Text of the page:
Christmas traditions vary across the globe, there are differences in the food, the date of Christmas day, the number of Santa Clauses and much more.
One of the traditions that change all over the world is the Christmas sweet. The English eat Christmas puddings, Americans often tuck into a pumpkin pie and the Australians eat pavlova. For the Italians, the traditional Christmas dessert is the panettone and there is deep history and several legends to digest with it!
Festive celebrations in Italy provide a guarantee of panettone, much like the guarantee of Christmas pudding in England. The cake-like bread is citrusy and is the perfect accompaniment to a tea or a coffee. The mixture consists of yeast, flour, milk, eggs, vanilla, butter, cream and an assortment and generous helping of glace fruits. A traditional panettone should be cylindrical in shape, with a ballooning and domed top. The cake should be much taller than it is wide and the texture should be light and airy. Usually, the cake should be flavoured with fruit, but in more recent years, chocolate and nuts have been used instead.
One of the many legends around panettone is related to Signor Ughetto degli Atellani. During the 1400’s, the young man fell helplessly in love with the daughter of a baker, Adalgisa. The parents of Ughetto forbade him to marry Adalgisa, but he came up with a fool proof plan which would allow him to see his lover again. He became a baker and took a job at the bakery of Adalgisa’s parents. The bakery had been struggling to stay open and while Ughetto was working, close to Christmas, he trailed a fruity bread mix, which he named panettone. The cake-bread became so popular, that the bakery was saved and the couple were given permission to marry.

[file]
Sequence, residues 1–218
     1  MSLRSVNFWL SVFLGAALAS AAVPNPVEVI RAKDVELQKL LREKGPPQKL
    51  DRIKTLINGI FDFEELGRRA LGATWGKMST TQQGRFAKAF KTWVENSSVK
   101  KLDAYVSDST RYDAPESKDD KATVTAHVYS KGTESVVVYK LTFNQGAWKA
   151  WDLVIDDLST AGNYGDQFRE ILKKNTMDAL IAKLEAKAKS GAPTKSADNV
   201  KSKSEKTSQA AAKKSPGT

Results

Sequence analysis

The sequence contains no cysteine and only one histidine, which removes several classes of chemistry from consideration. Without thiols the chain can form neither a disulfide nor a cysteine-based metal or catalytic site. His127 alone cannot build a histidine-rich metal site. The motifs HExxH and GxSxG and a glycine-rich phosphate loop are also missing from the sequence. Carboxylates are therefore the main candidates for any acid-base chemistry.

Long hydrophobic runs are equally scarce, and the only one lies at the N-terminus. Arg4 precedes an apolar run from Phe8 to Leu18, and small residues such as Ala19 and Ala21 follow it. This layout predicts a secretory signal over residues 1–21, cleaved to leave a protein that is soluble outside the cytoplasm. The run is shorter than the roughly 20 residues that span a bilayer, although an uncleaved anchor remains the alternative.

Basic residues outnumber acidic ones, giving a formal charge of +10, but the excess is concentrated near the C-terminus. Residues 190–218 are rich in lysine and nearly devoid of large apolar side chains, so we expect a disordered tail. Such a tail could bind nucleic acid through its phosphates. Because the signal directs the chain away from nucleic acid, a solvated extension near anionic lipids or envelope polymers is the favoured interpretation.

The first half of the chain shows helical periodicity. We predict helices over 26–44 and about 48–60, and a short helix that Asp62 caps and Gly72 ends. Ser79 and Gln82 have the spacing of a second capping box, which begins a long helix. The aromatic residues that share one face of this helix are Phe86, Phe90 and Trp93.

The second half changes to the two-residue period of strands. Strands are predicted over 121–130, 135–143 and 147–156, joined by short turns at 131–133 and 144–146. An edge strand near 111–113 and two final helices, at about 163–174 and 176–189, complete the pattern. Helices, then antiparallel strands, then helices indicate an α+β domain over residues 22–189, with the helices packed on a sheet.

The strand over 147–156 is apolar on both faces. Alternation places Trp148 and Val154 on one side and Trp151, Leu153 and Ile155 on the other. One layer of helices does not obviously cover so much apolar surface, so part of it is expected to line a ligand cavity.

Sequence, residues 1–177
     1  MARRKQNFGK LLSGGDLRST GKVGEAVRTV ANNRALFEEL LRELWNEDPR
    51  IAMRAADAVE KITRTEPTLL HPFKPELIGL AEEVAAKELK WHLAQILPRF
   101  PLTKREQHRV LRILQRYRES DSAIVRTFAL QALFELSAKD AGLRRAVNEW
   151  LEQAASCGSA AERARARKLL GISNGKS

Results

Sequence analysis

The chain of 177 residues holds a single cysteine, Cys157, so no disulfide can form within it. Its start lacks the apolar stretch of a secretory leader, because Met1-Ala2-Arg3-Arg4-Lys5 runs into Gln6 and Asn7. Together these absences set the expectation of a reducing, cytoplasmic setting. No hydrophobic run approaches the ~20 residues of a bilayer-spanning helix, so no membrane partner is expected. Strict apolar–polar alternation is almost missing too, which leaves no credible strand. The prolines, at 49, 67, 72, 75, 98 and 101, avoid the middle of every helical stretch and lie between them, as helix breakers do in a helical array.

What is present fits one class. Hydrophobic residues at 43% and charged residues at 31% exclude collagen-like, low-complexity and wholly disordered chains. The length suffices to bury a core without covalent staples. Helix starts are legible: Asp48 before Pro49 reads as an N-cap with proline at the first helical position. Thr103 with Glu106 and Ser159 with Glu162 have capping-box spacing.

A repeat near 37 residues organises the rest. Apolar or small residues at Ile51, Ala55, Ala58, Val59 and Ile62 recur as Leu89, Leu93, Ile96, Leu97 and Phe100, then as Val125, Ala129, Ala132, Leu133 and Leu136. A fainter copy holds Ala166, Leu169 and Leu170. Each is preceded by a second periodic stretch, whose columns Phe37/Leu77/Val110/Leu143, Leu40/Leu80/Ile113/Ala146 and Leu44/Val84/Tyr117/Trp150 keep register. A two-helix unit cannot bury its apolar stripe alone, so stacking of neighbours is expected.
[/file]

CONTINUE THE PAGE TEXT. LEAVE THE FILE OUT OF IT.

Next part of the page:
Another legend says that Toni, who was a young kitchen helper at the court of Duke Ludovico during the 15th century, was the creator of the panettone. During the Christmas celebration, the head chef accidentally burnt the dessert, which ruined the sweet and meant it couldn’t be served. The Duke demanded a dessert and as the head chef became increasingly stressed under the pressure, the kitchen helper stepped in. Toni had made a sweet loaf, panettone, out of left-overs and he was planning on serving it to the servants as a Christmas treat. As the Duke was getting more and more frustrated, he suggested serving it in court, the head chef agreed and it was given to the Duke and his friends. It proved a huge success and the Duke loved the pudding and called downstairs for the chef to come up to court so he could be congratulated. As the chef was unable to take credit, Toni, the kitchen helper was sent to see the Duke and his guests.
The third legend around panettone is that of Sister Ughetto. A nun in a monastery wanted to lift the spirits of her fellow sisters over the Christmas period. The legend tells the tale if Sister Ughetto baking a simple cake out of the left-over fruit and peel, before cooking, she cut the shape of a crucifix on the top. She served it to her fellow sisters, who very much appreciated the addition to their otherwise minimalist meal.
In Italy, panettone is a very common and gladly accepted gift during the festive period. Traditionally, it is served with the baking paper removed and cut into triangle wedges. It is considered bad luck if the top dome is removed separately and it should never be eaten on your own. Will you be trying the traditional panettone during your stay in our Italian holiday villas?
Do you know any other legends around the famous and celebrated panettone? Let us know via our social media channels.